Monthly Archives: May 2007

It Runs!

An amazingly long post follows the video:

So, this post needs quite a bit of explanation. Or, I should say that I *want* to explain more of it :-) Last Sunday, the car started. It was around 5pm. In order to get that to happen, I had spent the previous week and a half getting things done after work, and on the previous weekend. Generally, I would work until around 11pm. It was quite an accomplishment. The sheer number of things done on the car, however small, all still had to happen before it could run.

So, flashback to a few weeks ago. After getting the dash fabricated, welded up, fitted, sanded, painted, and to the point where I called it “done”, it was time to take it all back apart. I had to replace the Sport Comp fuel pressure gauge with a new phantom gauge so that they all looked identical – all except the AEM UEGO. After that, there was a fair amount of work to get all the plumbing done – all the plumbing on the car is AN, including the vacuum lines if you haven’t already noticed. So, it was kind of a clusterf*ck to get that all worked out. I also needed to get a fuel pressure isolator, and I was looking for one compatible with alcohol, in case I decide to run methanol, ethanol, or e85 in the future. And, for what it’s worth, you generally can’t find them. Malory makes one of them – it’s about $65. So I get the plumbing knocked out, and what’s next?

The gauge wiring harness. This thing was actually a lot more complicated than I thought it was going to be. The gauge harness actually a series of four harnesses: one for the AEM UEGO that connects to the o2 sensor, one for the lights (+12V switched on the switch panel,) one for the Tachometer & water temp gauge, and one for power to the AEM UEGO gauge and the EGT gauge. So, Why did I essentially make three harnesses? Well, the gauges need to be able to be *removed* from the dash, and without splitting the harness up, I would never be able to take the damn thing apart. The EGT gauge and the Tachometer have permanent wires coming out of the back of them, so they were good candidates for a base harness. the UEGO gauge has two connectors on the back of it – one with 6 wires going to the o2 sensor, and the other with four wires: power, ground, o-5V out and serial out. I ran the 0-5V out to the Haltech’s o2 input, so that I would be able to log voltage on the Haltech. Anyway, I took the UEGO’s power side harness, and merged it with the EGT harness, and used a 6 pin metripack connector to get all of those bundled into one harness. The other harness was similarly bundled: The water temp gauge has three spade connectors on the back of it, power, ground, and temperature sender. These were bundled with the Tachometer which also has permanently affixed wiring. to differentiate these, I used a 5 pin metripack connector. the last bundle was the lighting, and fortunately all the lighting is removable from the gauges that I have, so the lighting circuit was a much simpler circuit than it could have been :-o Anyway, while doing that, I had remembered that I had no TACH signal, so I would have to run one from the factory power transistor back into the car to the gauge cluster. That was a pain to do, but only because it was time consuming. so yeah, no big deal, right? ;-)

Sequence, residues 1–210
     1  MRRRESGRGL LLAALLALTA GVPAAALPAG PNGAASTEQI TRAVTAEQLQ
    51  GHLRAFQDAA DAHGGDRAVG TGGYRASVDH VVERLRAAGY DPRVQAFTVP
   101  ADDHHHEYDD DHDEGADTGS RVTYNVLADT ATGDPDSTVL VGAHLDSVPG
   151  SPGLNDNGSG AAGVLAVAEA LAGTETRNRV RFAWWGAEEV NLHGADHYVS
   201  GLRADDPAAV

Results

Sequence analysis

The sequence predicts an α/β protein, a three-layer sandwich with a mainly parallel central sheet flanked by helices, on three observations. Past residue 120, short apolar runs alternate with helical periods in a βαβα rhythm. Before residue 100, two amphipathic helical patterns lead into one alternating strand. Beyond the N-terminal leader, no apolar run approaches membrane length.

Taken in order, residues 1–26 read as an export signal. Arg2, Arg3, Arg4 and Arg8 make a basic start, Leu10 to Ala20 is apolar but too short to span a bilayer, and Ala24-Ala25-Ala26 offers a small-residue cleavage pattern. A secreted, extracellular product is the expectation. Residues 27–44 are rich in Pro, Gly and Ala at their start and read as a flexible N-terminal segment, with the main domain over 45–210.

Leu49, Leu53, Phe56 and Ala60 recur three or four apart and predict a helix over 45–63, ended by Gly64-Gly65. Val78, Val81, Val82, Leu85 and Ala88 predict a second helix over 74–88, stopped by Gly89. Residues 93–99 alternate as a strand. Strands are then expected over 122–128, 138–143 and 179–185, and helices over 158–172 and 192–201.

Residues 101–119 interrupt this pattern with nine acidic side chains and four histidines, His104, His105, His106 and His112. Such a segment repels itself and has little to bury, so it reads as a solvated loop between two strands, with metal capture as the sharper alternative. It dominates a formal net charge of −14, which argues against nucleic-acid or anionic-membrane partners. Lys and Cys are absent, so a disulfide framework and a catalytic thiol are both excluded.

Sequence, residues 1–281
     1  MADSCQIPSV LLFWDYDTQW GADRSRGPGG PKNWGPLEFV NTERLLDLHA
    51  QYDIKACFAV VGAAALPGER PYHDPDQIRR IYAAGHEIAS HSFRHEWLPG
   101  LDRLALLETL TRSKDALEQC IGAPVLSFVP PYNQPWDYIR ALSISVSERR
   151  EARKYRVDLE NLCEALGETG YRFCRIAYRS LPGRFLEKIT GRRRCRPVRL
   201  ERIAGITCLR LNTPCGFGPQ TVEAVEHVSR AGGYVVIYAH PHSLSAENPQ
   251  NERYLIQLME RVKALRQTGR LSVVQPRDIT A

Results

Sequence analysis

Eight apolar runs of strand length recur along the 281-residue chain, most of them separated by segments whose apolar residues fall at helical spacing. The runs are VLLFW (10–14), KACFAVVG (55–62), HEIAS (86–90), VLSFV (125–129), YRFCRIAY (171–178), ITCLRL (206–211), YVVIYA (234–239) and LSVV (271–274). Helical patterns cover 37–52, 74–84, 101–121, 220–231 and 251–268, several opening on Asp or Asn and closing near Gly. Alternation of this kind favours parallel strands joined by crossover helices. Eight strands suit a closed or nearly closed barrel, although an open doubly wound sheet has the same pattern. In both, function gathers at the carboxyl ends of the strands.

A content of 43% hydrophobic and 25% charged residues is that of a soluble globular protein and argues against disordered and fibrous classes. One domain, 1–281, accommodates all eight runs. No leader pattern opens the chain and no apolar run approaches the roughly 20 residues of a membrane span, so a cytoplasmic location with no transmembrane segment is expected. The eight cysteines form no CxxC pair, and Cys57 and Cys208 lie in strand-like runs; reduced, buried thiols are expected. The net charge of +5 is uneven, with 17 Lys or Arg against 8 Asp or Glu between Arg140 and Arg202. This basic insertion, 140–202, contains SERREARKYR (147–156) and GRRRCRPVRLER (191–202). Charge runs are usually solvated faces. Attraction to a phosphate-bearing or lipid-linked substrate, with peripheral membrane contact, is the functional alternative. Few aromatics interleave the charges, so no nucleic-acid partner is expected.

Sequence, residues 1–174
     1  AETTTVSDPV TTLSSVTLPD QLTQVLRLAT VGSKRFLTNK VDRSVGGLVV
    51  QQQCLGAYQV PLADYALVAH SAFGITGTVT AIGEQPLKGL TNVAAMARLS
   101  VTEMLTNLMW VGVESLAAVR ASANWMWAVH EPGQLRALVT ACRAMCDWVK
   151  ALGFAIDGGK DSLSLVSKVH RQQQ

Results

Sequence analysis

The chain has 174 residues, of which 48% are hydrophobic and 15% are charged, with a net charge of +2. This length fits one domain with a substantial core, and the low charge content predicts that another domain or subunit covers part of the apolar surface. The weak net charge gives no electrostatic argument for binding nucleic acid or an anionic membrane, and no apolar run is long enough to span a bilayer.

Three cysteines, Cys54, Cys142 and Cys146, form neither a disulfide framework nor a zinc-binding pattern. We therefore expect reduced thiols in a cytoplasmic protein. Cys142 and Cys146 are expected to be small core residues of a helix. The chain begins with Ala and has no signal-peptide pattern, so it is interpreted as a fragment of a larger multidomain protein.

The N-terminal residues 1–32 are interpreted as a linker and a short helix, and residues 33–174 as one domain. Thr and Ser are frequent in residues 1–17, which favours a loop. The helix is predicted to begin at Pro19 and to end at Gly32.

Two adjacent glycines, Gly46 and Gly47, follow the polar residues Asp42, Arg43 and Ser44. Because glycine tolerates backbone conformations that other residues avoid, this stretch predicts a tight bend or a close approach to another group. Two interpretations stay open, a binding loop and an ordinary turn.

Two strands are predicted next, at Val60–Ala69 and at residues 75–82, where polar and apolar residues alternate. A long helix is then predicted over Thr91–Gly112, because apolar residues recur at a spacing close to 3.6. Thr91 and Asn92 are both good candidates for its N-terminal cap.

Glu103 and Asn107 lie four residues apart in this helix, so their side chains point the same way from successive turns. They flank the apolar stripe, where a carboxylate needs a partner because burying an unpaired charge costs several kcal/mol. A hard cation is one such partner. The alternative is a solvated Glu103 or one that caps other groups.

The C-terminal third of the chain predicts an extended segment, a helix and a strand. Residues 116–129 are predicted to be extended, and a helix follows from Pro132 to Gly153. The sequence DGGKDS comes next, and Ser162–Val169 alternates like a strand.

Next up on the list was hooking up the Fuel pump. I’m using an Aeromotive A1000 pump, but it hadn’t yet been wired in the back of the car. So, I broke out some connectors and wired it up to the battery shutoff switch. It was one of the simplest pieces of wiring on the car :-) The pump is controlled through ground by the Haltech, and because I wanted to have some control over it, I ran a switched +12V signal to it. So, the Haltech has to be on and want to control it, and I have to allow the Haltech to control it. If I don’t, then computers may take over the world and all hell will break loose. In addition, the “rear wiring harness” (as I call it) also has a circuit for the lighting that runs to the center brake light in the wing. This will allow me to race at night :-)

After the fuel pump was done, I started on the oil pump pickup. I already had a version that I was going to use, but it needed some adjustments because I had created it before deciding to go with a kiggly racing girdle on the car. After deciding to use the girdle, I had to shave the supports off of the pickup tube and remake them. So, Monday night rolled around and I pulled an old greasy block out of the shop. I threw it up on the engine stand, pulled it all apart, and fabbed up the brackets for the oil pickup tube.